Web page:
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timating probability and consequence of occurrence. Here, ordinal scales (scales whose values are rank ordered) are commonly used to represent different aspects of the probability of occurrence (e.g., due to technology design, or manufacturing) and consequence of occurrence (e.g., cost, schedule, and technical). While such scales, tailored to your project, can be a useful methodology for estimating risk, great care must be taken in using them. A common abuse of such probability and consequence scales is performing mathematical operations on the results, which can easily lead to erroneous results because the true scale interval values are unknown (e.g., a five level scale labeled 0.2, 0.4, 0.6, 0.8, and 1.0 almost certainly does not have values of equal 0.2 increments between adjacent scale levels).

The following simple example illustrates the proper use of ordinal scales in project risk analysis, and provides some recommendations for properly representing the results.6 Please note, these scales should not be used on your project—they are only provided as an illustration.

6. This example is condensed from Edmund H. Conrow, Effective Risk Management: Some Keys To Success (Reston, VA: American Institute of Aeronautics and Astronautics, 2000), pp. 301-305, Copyright ©2000, Edmund H. Conrow. Used with permission of the author.

Example 17-2. A single "probability" of occurrence scale, related to technology maturity, is used, as shown in Table 17-5. (Note: Since ordinal probability scales almost never represent true probability, but only an indicator of probability, I indicate scores derived from such scales as "probability" values.) In reality, technical risk will typically encompass a number of additional risk categories in addition to technology maturity, such as design, and so on. However, the use of a single risk category simplifies subsequent computations and is sufficient for illustration purposes. For the technology maturity "probability" scale, assume that low = scale levels A and B, medium = scale level C and D, and high = scale level E. (Note: This information does not correspond to low, medium, and high risk, and is only an indicator of where breakpoints will occur when used in developing the risk mapping matrix later in this section. Letters are provided for scale levels instead of numbers to discourage you from attempting to perform invalid mathematical operations on the results.)

Three consequence of occurrence scales, for cost, schedule, and technical, are used and given in Table 17-6. For each of the three consequence of occurrence scales, assume that low = scale levels A and B, medium = scale levels C and D, and high = scale level E. (Note: This information does not correspond to low, medium, and high risk, and is only an indicator of where breakpoints will occur when used in developing the risk mapping matrix later in this section.)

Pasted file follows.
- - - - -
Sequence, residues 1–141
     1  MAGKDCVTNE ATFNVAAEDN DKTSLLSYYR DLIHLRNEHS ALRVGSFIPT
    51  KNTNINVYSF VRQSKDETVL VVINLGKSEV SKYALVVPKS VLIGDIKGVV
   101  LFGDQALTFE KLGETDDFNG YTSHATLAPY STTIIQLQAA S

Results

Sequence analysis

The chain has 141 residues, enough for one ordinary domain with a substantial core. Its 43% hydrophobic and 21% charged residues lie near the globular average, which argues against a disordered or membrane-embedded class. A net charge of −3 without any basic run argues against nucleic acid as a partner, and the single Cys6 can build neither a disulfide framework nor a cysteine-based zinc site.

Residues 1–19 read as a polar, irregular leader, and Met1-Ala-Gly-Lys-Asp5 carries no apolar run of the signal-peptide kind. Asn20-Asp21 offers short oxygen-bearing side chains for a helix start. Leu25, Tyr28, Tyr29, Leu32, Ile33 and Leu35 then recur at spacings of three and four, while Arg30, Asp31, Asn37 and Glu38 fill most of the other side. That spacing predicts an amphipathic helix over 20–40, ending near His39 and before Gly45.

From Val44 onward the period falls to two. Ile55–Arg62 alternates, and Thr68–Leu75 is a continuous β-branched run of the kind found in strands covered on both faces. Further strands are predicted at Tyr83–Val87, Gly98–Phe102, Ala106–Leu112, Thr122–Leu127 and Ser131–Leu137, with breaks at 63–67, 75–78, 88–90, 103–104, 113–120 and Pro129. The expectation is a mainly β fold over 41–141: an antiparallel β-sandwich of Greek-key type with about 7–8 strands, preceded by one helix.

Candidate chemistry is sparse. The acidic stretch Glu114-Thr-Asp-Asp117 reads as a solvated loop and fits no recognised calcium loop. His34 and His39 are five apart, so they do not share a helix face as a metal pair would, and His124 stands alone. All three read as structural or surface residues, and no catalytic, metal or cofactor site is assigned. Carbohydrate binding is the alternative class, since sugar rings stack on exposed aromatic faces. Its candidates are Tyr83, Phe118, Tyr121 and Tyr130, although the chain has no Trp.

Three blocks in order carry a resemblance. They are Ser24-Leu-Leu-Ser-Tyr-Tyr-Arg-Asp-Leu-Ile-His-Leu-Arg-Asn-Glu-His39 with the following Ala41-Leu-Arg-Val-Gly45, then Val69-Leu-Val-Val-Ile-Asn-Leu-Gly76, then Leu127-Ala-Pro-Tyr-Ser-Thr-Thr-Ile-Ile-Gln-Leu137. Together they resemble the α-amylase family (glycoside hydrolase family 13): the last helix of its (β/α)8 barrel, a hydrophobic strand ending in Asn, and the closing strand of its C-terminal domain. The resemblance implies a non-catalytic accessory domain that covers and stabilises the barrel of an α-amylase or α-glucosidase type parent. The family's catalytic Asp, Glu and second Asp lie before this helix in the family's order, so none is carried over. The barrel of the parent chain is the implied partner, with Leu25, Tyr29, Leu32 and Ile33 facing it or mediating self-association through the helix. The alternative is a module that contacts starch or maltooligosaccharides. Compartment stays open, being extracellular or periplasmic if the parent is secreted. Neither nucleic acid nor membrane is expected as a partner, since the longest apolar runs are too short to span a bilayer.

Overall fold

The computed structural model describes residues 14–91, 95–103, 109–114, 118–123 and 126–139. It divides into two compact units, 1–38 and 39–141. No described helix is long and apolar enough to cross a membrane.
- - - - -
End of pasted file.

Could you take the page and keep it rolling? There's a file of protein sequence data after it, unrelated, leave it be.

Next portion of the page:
Given the mapping information associated with the "probability" of occurrence and consequence of occurrence scales, a mapping matrix was developed and is given in Table 17-7. [Note: Setting risk boundaries is often not exact since three divisions were used for both the "probability" and consequence of occurrence scales versus the five possible levels (one per scale level); a mapping matrix with different "probability" of occurrence and/or consequence of occurrence relationships (e.g., low = scale levels A and B, medium = scale level C, and high = scale levels D and E for both "probability" and consequence of occurrence scores), or five resulting risk levels (low, low medium, medium, medium high, and high), or different risk boundaries could also have been used for this example.]

We'll now evaluate two different items associated with a commercial high-grade digital camera, using the above risk analysis methodology. Remember, these risk issues are hypothetical and only used to illustrate how to apply the risk analysis methodology.

In the first case, a high-performance commercial charge-coupled device (CCD) exists that is in preprototype development. The CCD will be included in a high-grade digital

TABLE 17-5. EXAMPLE OF ORDINAL TECHNOLOGY "PROBABILITY" MATURITY SCALE

Definition

Scale Level

Basic principles observed

Concept design analyzed for performance

Breadboard or brassboard validation in relevant

Project Management Made Easy

Project Management Made Easy

What you need to know about… Project Management Made Easy! Project management consists of more than just a large building project and can encompass small projects as well. No matter what the size of your project, you need to have some sort of project management. How you manage your project has everything to do with its outcome.

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